NEW YORK — When a federal labor board ruled in September that a West Virginia coal mine had illegally refused to hire union workers, 61-year-old Dave Preast thought his nine-year ordeal was finally coming to an end.
The National Labor Relations Board said the Massey Energy Co. had to offer jobs to Preast and 84 co-workers, pay them back wages from 2004, and recognize the United Mine Workers of America at the Mammoth Coal Company. Preast, whose son has a heart condition that has required several surgeries, believed he was finally close to getting the lifetime medical benefits he would have earned working at the mine in Cannelton, W.Va.
Then a federal court in Washington ruled that three of President Barack Obama's appointments to the labor board were "constitutionally invalid," a decision the administration announced earlier this month it will appeal to the Supreme Court. Resolving the legal issues could mean years of further delay for Preast and hundreds of others who say they are victims of unlawful labor practices.
"I was hoping it would be settled quickly and we could go on with what we had," Preast said in an interview. "Eight years, nine years have passed. It's a lifetime for us. Here I'm almost an old man."
Employers, questioning the validity of Obama's picks for the labor board, have appealed 97 of its rulings since the Jan. 25 decision, including the decision against Massey. All told, hundreds of orders, decisions and routine actions by the board are now subject to challenge.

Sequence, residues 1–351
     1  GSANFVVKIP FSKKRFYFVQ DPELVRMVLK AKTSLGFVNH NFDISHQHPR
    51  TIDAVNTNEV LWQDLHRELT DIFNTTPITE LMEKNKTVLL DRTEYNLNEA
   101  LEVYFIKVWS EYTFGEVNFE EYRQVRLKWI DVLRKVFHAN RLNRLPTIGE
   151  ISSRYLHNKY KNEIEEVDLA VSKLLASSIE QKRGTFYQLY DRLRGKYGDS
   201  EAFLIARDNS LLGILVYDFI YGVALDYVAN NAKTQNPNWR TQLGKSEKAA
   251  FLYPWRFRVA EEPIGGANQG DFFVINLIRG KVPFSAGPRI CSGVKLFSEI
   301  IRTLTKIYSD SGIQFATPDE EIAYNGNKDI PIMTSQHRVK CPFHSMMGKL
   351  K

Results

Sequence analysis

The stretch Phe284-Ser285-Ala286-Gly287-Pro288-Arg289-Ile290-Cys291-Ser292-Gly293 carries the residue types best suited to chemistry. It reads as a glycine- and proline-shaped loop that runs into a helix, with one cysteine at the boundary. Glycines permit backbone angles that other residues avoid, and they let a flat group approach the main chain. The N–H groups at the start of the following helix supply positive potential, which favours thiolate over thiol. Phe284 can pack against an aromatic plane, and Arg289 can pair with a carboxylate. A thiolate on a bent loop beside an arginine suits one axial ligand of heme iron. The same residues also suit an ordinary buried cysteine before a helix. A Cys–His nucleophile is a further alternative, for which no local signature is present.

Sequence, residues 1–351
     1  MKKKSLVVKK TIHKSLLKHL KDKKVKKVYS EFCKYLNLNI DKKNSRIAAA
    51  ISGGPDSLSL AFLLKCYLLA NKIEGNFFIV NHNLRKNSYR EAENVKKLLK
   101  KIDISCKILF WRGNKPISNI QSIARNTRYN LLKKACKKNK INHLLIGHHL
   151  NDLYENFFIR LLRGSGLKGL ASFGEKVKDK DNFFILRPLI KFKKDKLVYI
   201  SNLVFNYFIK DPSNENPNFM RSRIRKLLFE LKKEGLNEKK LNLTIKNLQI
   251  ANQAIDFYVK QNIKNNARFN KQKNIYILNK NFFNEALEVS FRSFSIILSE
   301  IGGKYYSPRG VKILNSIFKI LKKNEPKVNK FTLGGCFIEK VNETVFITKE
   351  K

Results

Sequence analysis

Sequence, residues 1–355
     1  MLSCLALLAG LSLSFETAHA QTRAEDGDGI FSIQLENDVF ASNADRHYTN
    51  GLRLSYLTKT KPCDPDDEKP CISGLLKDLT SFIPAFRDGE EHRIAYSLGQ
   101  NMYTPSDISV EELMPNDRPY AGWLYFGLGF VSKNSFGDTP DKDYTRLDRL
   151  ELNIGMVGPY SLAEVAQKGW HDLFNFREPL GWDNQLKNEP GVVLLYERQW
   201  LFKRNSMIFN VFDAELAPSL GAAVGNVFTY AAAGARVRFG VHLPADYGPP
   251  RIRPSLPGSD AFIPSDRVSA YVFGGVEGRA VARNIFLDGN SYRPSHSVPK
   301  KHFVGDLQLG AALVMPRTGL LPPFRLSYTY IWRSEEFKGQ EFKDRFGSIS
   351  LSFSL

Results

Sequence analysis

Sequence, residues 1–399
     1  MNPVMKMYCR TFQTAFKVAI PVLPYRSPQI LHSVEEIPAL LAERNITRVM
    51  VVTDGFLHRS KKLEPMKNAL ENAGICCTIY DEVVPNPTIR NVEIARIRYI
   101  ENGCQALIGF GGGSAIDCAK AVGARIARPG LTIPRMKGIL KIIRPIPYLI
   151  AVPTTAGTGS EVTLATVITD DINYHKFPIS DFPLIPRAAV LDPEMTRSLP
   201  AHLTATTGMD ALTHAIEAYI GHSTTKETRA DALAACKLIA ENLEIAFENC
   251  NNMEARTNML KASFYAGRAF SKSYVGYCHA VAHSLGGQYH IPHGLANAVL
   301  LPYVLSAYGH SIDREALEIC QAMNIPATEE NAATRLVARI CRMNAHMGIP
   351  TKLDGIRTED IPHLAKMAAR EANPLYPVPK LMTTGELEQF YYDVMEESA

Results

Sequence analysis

The labor board picks were invalid because the Senate wasn't in recess at the time, a three-judge panel of the U.S. Court of Appeals for the District of Columbia held. To prevent Obama from making appointments after Congress started a holiday break, House and Senate Republicans had refused to formally adjourn. The Senate then held so-called pro-forma sessions.
The Obama administration said on March 12 that it will ask the Supreme Court to reverse the ruling by the three-judge panel.
Workers at the Mammoth mine are owed about $40 million in back pay and benefits, according to Chuck Donnelly, an attorney with the United Mine Workers of America in Charleston, W.Va. Even if the Supreme Court sides with the Obama administration, it may take another two years for the Mammoth mine workers to get a final ruling, he said.
"This is just an example of how long it takes to get justice in labor relations these days," Phil Smith, a spokesman for the UMWA, said in an interview.
Three of the workers who were part of the original complaint against Massey in 2005 have since died, Donnelly said.
"Some of them would go back," Donnelly said in an interview. "Some may not. It's an aging work force. Its not an easy job."
Employers are also challenging routine actions of the board, such as issuing subpoenas for information. About 600 orders and decisions issued by the labor board since January 2012 may be challenged, according to Lafe Solomon, acting general counsel for the board. Hundreds of additional decisions made by earlier recess appointees could also be attacked, he said.
"Employers are taking the decision and stretching it beyond really what the D.C. Circuit ruled on, and using that to try to delay NLRB action in elections and other sorts of cases," Lynn Rhinehart, general counsel for the AFL-CIO, said in an interview.
Republicans lawmakers, employers and groups such as the Washington-based U.S. Chamber of Commerce cheered the ruling. Last month, the chamber launched a website to provide information to employers seeking to challenge labor board decisions by board members it says aren't eligible to serve.